A coronial inquest heard on Thursday that vulnerable people are still being held in cells with hanging points in a New South Wales prison unit where an Aboriginal man took his life.
Proud Darkinjung man and father of two, Timothy Garner, died on 7 July 2018 while held on remand at the Metropolitan Remand and Reception Centre (MRRC) in Silverwater. He was 30 years old.
Mr Garner had a significant history of mental illness including diagnoses of bipolar disorder and schizophrenia.
An inquest into his death, presided over by Deputy State Coroner Derek Lee, heard about Mr Garner's troubled mental state prior and subsequent to his arrest; failure to complete mandatory training by some members of the Risk Intervention Team (RIT) who were tasked with reducing his risk of suicide; and difficulties faced by Mr Garner's family members when they attempted to alert the prison to his fragile mental state.
The inquest heard that Mr Garner's mental health continued to deteriorate in custody, even in the face of repeated pleas from his mother and partner that he needed acute mental health support.
Deputy State Coroner Derek Lee found on Thursday that Tim Garner took his own life using the fire sprinkler in his cell at the MRRC's Darcy Pod.
In hearings last year, the inquest received evidence that the Darcy Pod, an older section of the prison, is a stark environment, particularly for people struggling with their mental health.
Mr Lee noted that refurbishments to the Pod are currently taking place, including the removal of hanging points, but meanwhile some at-risk prisoners remain housed there.
His Honour recommended the Commissioner of Corrective Services monitor the ongoing refurbishments so that all inmates involved in the RIT process be housed in refurbished Darcy Pod units, or in the newer O Block, by the end of 2024.
His Honour also recommended that the Commissioner consider the introduction of refresher training for prison staff on Risk Intervention Teams at minimum 5-year intervals.
Mr Garner is one of at least 558 Aboriginal and Torres Strait Islander people who have died in custody and police operations since the Royal Commission into Aboriginal Deaths in Custody brought down its findings and recommendations in 1991.
The Aboriginal Legal Service (NSW/ACT) represented his mother, Michelle Garner, in the coronial inquest.
Ms Garner said her on "was let down by the system".
"Tim was a good dad to his two daughters. He had his family's backs and he had his mates' backs. He struggled with his mental health, but he really didn't have to die the way he did," she said.
"Tim was just 30 years old and had so much life left to live. His death could have been avoided if Silverwater listened to our repeated phone calls and gave him the appropriate healthcare.
"I don't want what happened to Tim swept under the carpet. Prisons are full of people with mental health issues and they deserve to get treatment. They should be treated like human beings. And for their families, they deserve to know when their loved one goes to jail, they'll be coming back out."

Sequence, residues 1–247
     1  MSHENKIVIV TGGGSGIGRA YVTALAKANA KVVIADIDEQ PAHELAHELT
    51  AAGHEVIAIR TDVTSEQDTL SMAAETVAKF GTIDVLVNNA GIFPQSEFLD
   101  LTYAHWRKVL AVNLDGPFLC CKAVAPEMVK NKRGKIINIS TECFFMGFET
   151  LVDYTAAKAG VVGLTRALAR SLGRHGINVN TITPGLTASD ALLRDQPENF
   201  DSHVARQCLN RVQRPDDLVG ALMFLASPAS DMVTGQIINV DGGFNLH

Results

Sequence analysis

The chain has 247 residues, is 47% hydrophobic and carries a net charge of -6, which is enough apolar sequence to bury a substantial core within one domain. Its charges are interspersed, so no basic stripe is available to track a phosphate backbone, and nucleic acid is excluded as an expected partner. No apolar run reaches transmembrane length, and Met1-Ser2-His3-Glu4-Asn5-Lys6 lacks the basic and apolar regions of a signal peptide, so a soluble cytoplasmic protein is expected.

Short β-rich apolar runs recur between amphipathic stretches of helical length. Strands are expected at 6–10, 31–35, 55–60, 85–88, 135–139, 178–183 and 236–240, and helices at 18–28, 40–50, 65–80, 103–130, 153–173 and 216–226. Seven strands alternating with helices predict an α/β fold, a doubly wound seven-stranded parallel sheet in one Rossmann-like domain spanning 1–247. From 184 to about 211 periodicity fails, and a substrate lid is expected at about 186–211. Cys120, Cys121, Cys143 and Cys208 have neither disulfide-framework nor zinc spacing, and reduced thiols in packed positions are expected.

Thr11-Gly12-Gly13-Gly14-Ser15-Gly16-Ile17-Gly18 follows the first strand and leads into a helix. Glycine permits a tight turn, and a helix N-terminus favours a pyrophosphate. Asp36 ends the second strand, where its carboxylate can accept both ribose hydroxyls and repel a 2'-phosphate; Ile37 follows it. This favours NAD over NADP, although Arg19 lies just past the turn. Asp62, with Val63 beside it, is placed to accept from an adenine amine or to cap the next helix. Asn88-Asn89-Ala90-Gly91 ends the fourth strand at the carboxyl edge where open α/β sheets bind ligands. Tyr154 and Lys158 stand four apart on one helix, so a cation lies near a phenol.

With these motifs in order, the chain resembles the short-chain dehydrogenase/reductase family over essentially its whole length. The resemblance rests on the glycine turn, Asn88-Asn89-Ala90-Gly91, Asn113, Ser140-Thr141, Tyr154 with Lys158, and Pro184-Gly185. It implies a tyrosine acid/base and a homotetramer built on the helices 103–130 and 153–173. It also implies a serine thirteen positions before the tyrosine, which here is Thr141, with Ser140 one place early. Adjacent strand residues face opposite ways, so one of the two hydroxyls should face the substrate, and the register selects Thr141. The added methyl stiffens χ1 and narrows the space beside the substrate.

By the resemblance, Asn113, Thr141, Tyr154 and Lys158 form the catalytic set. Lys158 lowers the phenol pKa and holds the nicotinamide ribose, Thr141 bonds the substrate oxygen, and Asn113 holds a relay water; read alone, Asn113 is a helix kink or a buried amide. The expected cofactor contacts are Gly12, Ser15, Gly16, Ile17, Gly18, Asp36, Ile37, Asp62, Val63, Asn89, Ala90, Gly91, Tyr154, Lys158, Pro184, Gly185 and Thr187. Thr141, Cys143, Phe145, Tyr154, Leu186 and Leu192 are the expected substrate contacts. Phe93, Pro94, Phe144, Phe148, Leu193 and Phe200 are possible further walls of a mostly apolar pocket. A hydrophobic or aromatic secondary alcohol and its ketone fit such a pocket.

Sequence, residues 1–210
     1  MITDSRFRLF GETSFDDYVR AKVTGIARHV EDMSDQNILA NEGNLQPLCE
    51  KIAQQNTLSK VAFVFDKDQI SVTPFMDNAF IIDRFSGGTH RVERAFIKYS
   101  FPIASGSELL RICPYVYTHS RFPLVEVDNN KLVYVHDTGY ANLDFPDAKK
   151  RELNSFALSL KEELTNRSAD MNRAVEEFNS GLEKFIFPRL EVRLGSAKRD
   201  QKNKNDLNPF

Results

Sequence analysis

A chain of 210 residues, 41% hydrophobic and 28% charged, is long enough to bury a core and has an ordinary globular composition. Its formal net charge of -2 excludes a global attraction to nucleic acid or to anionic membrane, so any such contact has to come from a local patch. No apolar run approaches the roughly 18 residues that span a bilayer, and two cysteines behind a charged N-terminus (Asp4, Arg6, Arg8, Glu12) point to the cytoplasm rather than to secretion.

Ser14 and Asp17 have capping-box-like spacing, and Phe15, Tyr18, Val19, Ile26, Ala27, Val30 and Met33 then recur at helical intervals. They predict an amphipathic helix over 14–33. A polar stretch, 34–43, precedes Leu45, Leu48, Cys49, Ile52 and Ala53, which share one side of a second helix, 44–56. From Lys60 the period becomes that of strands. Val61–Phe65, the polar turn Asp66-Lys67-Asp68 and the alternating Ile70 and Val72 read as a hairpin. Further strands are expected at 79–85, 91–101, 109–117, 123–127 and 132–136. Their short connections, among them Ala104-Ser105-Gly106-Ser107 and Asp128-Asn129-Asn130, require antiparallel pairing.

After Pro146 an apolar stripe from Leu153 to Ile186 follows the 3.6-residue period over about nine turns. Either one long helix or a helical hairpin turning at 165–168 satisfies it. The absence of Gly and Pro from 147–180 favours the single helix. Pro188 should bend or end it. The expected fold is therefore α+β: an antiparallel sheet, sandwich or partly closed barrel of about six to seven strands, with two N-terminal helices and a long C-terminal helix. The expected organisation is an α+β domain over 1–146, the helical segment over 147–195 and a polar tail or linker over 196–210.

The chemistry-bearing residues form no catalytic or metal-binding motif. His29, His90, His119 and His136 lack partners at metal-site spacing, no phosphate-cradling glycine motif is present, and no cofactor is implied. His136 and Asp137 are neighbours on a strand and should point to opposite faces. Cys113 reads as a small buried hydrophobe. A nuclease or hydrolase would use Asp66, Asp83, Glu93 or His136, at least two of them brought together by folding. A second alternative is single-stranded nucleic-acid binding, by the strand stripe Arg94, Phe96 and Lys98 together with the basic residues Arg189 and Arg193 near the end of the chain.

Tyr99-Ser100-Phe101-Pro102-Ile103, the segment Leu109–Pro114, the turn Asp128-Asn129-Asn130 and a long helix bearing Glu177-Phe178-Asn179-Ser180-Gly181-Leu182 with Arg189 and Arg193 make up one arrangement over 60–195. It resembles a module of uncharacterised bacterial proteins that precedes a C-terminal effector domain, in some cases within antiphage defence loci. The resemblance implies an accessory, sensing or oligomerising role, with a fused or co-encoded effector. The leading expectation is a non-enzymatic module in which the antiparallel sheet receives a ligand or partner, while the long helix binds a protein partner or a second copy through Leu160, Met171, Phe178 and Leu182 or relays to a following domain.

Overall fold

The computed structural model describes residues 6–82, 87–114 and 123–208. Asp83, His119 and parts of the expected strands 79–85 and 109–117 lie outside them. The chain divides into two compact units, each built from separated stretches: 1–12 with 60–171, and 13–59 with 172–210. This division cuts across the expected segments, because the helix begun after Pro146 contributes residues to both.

The inquest heard Mr Garner had been diagnosed with bipolar disorder and schizophrenia and was being seen by a specialist team to assess his risk of self-harm in the lead-up to his death.
In the week before he died, a psychiatrist recommended Mr Garner be transferred to a mental health facility, but five days before his death, he was removed from the waitlist and cleared from the "risk-intervention team's" assessment after his condition was deemed to have improved.
Deputy State Coroner Lee said it would have been more appropriate for Mr Garner to remain under the team's management after reviews carried out in June 2018.
"It would have allowed for Tim to be monitored and reviewed regularly and for any ongoing interventions to be facilitated," he said.
But Mr Lee found it was not possible to determine if ongoing risk intervention would have been "likely to materially alter subsequent events".
He said the time taken for Mr Garner to be reviewed by psychiatrists in May and June 2018 "did not conform with defined timeframes" and he was not adequately reviewed in the five-day period before his death.
"He was not in fact reviewed at all," Mr Lee said.
The coroner also noted the prison staff's communication with Mr Garner's family was a matter of "central importance".
"His mother continually called the prison to express her concern that Tim was acutely unwell, not taking his medication and not being treated properly," Mr Lee said.
ALS NSW/ACT Coronial and Trial Advocate Emma Parker said the ALS "stands with our client Michelle Garner and all of Tim Garner's family and friends"
"Gaols are not appropriate or therapeutic environments to treat mental health conditions," she said.
"Tim Garner should have been treated in a hospital, not in custody. His repeated self-harm attempts and debilitating mental illness were poorly understood by members of Silverwater's Risk Intervention Team.
"Tim's death is an injustice and yet another case where serious shortcomings in prison healthcare have been uncovered through an inquest."
Ms Parker said the case represented "further proof that NSW prisons are failing families and communities, especially Aboriginal people who are disproportionally locked up by our police and courts".
"It is unacceptable that preventable deaths are still occurring in NSW prisons. Last century the Royal Commission into Aboriginal Deaths in Custody raised the need to remove hanging points throughout prisons to prevent deaths in custody, yet Tim Garner tragically died 27 years after that recommendation was handed down," she said.
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